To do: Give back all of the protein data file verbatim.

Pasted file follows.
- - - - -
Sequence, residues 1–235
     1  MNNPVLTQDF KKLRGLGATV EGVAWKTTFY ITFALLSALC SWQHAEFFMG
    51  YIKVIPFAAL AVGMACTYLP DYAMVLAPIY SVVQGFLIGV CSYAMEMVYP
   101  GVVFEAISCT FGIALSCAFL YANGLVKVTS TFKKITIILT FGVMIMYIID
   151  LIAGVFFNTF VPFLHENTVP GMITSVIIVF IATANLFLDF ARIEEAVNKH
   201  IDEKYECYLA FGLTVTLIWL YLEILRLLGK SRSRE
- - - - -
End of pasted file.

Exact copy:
Sequence, residues 1–235
     1  MNNPVLTQDF KKLRGLGATV EGVAWKTTFY ITFALLSALC SWQHAEFFMG
    51  YIKVIPFAAL AVGMACTYLP DYAMVLAPIY SVVQGFLIGV CSYAMEMVYP
   101  GVVFEAISCT FGIALSCAFL YANGLVKVTS TFKKITIILT FGVMIMYIID
   151  LIAGVFFNTF VPFLHENTVP GMITSVIIVF IATANLFLDF ARIEEAVNKH
   201  IDEKYECYLA FGLTVTLIWL YLEILRLLGK SRSRE